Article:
House passes stimulus bill; now for the great Senate debate

Obama invites GOP ideas for the largest spending bill in US history.

Susan Walsh/AP
On Capitol Hill, House Speaker Nancy Pelosi (D) of California shared a laugh with House Majority Leader Steny Hoyer (D) of Maryland during a news conference Wednesday to discuss stimulus legislation.

With the biggest spending bill in American history on the line, the US Senate is gearing up for a debate for the ages.

With Republicans at 41 in the 100-member Senate – precisely the number they need to block legislation with a filibuster – Democrats could muscle the bill over the line by breaking off just one or two Republican votes.

Instead, President Obama is putting on a full-court press for a bigger, bipartisan vote to signal change in Washington. That means a more open process, including a full debate.

“I hope I communicated a sincere desire to get good ideas from everybody,” said Mr. Obama, after meeting separately with House and Senate Republicans on Tuesday.

“My attitude is, this is the first major piece of legislation we’ve worked on and that over time, some of these habits of consultation and mutual respect will take over, but old habits die hard.”

In contrast to the House, where Republicans complain that the $819 billion economic recovery package has been drafted without their input, the Senate is ramping up for a more open process. The American Recovery and Reinvestment Act passed on Wednesday by a vote of 244 to 188, with no Republican support. Eleven Democrats voted with 177 Republicans to oppose the bill. [Editor's note: The original version understated the number of Democrats who opposed the bill.]

In response to Senate GOP concerns, the president urged cutting some of the more controversial provisions, including $200 million to resod the National Mall and increased payments for contraceptives in Medicare.

On Tuesday, the Senate Finance Committee added a $70 billion bipartisan provision to the bill to prevent the alternative minimum tax from affecting middle-class families – a priority for the top Republican on the panel, Sen. Charles Grassley (R) of Iowa.

That and other provisions in the Senate version of the bill bring the cost of the stimulus bill near $900 billion. In addition, the Congressional Budget Office estimates that borrowing to pay for the plan will add $347 billion in interest costs.

In a sharp break with practice over the last two years, Senate Democratic leaders are offering the minority opportunities to amend bills on the floor.

“If we’re going to move as quickly as the timelines suggests [on a stimulus bill], we need to get a bill that enjoys broad bipartisan support,” says Jim Manley, a spokesman for Senate majority leader Harry Reid. “If not, it’s going to be bogged down by procedural motions that are going to stall progress.”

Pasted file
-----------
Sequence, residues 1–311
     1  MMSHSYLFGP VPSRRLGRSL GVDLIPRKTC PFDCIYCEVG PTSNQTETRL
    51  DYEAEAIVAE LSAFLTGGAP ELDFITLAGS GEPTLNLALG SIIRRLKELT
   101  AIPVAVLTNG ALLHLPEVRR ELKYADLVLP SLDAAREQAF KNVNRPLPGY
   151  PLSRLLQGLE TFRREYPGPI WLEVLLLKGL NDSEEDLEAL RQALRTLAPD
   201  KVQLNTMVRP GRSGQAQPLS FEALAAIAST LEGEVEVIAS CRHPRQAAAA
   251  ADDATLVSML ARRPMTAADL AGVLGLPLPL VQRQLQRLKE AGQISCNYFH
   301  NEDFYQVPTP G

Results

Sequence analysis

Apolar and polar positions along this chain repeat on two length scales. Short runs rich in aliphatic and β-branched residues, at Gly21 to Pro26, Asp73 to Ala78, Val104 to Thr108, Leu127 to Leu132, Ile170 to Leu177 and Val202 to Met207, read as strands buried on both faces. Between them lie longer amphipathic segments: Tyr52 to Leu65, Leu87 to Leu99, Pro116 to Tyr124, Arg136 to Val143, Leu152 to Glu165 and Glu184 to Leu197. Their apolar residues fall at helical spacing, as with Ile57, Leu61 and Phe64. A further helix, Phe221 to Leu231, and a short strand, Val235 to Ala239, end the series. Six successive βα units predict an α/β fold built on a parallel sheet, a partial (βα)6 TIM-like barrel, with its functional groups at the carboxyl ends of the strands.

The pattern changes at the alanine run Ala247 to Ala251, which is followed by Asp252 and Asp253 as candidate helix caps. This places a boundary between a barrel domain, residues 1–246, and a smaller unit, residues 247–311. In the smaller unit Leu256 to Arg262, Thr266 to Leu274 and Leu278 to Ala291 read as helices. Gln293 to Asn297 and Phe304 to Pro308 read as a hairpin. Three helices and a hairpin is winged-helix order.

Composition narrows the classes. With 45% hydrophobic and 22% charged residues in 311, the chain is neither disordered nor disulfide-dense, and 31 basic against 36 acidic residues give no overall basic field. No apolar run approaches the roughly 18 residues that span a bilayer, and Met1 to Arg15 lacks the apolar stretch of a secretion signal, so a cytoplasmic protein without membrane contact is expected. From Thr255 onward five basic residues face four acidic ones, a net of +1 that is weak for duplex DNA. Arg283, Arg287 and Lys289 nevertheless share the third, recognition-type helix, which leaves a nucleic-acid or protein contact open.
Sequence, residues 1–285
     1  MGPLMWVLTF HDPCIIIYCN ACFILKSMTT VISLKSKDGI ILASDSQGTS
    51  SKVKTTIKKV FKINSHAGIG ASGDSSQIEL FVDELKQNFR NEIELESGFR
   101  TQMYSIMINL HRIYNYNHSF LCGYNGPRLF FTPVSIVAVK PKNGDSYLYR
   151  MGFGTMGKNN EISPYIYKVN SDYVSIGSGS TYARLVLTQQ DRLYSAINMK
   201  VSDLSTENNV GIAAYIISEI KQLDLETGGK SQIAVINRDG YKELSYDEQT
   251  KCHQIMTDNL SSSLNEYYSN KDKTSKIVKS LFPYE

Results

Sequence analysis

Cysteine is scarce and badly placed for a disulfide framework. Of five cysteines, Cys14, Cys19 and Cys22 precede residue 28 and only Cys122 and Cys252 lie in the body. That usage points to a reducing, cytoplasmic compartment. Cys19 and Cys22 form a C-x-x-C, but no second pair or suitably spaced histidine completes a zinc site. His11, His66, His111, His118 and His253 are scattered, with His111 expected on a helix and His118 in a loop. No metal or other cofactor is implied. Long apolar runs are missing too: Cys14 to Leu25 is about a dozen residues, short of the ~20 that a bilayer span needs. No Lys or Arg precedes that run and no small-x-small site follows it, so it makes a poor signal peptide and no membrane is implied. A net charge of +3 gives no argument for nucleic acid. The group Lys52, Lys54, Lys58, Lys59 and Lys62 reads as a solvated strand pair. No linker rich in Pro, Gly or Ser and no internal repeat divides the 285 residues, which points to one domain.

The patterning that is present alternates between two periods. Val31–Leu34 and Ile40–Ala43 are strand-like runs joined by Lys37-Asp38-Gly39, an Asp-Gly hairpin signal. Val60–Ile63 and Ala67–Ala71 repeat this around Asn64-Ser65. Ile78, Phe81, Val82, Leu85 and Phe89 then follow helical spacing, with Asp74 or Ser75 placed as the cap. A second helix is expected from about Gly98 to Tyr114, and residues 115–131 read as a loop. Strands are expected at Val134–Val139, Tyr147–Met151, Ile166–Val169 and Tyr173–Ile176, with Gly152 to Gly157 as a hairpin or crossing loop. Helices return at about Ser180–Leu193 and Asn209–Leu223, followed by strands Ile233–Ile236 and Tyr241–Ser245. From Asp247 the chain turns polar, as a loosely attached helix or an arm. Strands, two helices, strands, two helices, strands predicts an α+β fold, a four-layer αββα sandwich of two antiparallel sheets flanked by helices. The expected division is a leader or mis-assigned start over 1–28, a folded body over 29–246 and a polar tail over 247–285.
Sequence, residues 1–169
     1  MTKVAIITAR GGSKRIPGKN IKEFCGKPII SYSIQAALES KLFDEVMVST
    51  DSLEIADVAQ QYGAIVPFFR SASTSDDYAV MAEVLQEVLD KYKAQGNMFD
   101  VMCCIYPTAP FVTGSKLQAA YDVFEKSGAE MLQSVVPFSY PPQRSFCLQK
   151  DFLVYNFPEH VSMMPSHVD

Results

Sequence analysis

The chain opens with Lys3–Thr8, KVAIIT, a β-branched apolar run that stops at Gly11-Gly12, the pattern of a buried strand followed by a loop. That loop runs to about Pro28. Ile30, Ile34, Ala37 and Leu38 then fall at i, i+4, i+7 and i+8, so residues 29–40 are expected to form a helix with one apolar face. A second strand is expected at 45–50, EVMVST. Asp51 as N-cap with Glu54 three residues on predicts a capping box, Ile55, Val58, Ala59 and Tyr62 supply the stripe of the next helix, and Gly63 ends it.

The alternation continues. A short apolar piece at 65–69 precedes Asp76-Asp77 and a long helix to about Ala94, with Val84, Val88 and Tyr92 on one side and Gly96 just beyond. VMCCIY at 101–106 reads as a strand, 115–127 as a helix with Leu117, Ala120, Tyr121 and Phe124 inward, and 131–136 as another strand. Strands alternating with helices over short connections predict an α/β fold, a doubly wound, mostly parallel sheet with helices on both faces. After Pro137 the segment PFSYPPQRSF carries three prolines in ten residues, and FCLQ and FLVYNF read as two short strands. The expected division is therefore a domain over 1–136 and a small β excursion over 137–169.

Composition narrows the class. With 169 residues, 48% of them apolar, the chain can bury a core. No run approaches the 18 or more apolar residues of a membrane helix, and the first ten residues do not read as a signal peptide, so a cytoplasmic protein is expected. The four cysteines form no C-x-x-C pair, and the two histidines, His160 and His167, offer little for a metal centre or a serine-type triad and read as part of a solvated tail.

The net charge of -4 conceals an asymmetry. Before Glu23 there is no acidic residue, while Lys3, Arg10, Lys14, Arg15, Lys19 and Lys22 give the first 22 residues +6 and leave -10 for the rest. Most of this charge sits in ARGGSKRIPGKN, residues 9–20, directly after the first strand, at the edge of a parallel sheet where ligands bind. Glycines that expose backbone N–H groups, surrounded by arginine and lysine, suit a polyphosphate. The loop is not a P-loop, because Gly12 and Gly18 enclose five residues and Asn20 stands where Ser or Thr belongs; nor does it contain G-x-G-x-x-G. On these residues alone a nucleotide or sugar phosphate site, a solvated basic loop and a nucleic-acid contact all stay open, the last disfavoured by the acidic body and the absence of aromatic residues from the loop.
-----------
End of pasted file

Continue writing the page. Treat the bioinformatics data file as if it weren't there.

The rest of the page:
What Democrats hope to avoid is one of those arcane, procedural slugfests that produce endless quorum calls, but no votes on substance.
Even Republicans who expect to oppose the final bill want next week’s debate to be on the issues.

Democrats may have the votes to succeed, but we have a moral responsibility as a loyal opposition to express our honest concerns,” says Sen. Jeff Sessions (R) of Alabama. “This is a question of what direction America is going to take: Will we continue this spasm of spending the likes of which we’ve never seen before or will we show more restraint?”

At issue for Republicans is whether Democrats will use the nation’s current economic woes as cover for a permanent expansion of government.

Appealing directly to the new president, GOP lawmakers are urging the White House to enhance tax cuts and do more to solve the housing crisis, including providing that people facing foreclosure can refinance their homes at a 4 percent mortgage rate. They also call for zeroing out social spending that they say will not deliver quick stimulus to the economy.

Claiming as their watchword the phrase used by House Speaker Nancy Pelosi in the last Congress, Republicans say that any stimulus must be “timely, targeted, and temporary.”

“We’re going to continue to try to encourage the majority here in the Congress to incorporate a number of our ideas,” said Senate minority leader Mitch McConnell (R) of Kentucky at a briefing on Tuesday.

“I’m pleased with the way the Senate has been operating on the floor, pleased that we’re getting amendments offered, laid down, and voted on. And my assumption is that that’s the way we’re going to operate the rest of this Congress,” he added.

In the end, the outcome in the Senate will likely turn on a few moderate Republican votes. Although moderate GOP ranks were diminished in 2008 elections, they still include Senator Grassley and Maine Sens. Olympia Snowe and Susan Collins.

“I’m not sure that we’ve yet achieved the right balance, the right mix between tax relief and spending programs,” said Senator Collins after a Senate GOP meeting with Obama on Tuesday.

“I’m also concerned that some of the provisions in the bill appear to be worthwhile programs but really have nothing to do with creating or preserving jobs or helping to turn the economy around,” she said.

But across the board, Republicans are praising the new president for contributing to a change in tone on Capitol Hill, including the prospect of an open debate.

“There may be a kind of meta-strategy here: That simply by lowering the volume of acrimony, the president will probably get enough Republican votes to get it through the Senate,” says Ross Baker, a political scientist at Rutgers University in New Brunswick, N.J.

“Just by reducing the level of harshness, I think Obama feels that he can change the atmosphere of debate in Washington,” Mr. Baker says. “As long as he gets it through with even token Republican support, I think he can point to a better atmosphere in the future.”

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